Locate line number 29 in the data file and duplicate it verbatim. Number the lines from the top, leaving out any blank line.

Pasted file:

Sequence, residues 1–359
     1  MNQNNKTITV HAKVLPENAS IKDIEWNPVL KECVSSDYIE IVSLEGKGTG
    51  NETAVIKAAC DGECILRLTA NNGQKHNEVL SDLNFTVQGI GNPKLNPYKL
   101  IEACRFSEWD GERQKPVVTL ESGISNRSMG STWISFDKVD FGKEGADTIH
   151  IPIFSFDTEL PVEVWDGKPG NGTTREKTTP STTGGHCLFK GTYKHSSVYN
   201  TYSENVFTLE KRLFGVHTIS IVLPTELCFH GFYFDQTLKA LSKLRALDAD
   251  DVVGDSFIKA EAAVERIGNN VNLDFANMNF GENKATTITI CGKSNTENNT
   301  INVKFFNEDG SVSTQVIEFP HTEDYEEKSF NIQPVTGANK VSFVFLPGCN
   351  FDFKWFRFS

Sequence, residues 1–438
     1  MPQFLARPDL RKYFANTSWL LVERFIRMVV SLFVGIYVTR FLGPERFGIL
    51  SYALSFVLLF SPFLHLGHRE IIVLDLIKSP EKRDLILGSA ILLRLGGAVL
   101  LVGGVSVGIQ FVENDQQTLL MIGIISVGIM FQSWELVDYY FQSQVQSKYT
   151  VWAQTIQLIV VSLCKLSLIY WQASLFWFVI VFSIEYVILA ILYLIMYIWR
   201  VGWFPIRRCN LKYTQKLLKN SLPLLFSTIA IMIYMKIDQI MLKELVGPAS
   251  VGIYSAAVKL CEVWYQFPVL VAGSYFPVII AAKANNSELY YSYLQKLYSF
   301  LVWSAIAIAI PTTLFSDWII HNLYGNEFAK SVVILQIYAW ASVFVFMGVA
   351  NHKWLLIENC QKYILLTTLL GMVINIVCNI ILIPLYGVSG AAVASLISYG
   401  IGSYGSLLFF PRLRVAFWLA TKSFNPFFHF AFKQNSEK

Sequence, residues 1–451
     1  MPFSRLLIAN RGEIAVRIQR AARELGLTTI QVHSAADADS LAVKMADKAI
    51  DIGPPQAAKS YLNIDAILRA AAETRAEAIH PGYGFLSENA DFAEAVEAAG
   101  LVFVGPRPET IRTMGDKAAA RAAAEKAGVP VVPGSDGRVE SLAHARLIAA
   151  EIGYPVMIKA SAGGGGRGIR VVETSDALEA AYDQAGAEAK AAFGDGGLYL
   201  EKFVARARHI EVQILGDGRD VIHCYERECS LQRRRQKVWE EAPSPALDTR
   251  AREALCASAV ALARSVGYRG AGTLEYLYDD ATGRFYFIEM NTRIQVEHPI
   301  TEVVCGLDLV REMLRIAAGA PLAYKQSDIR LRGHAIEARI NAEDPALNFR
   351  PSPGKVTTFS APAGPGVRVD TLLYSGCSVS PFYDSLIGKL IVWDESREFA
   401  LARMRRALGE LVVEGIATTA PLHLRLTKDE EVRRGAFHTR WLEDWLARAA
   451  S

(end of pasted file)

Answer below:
   401  LARMRRALGE LVVEGIATTA PLHLRLTKDE EVRRGAFHTR WLEDWLARAA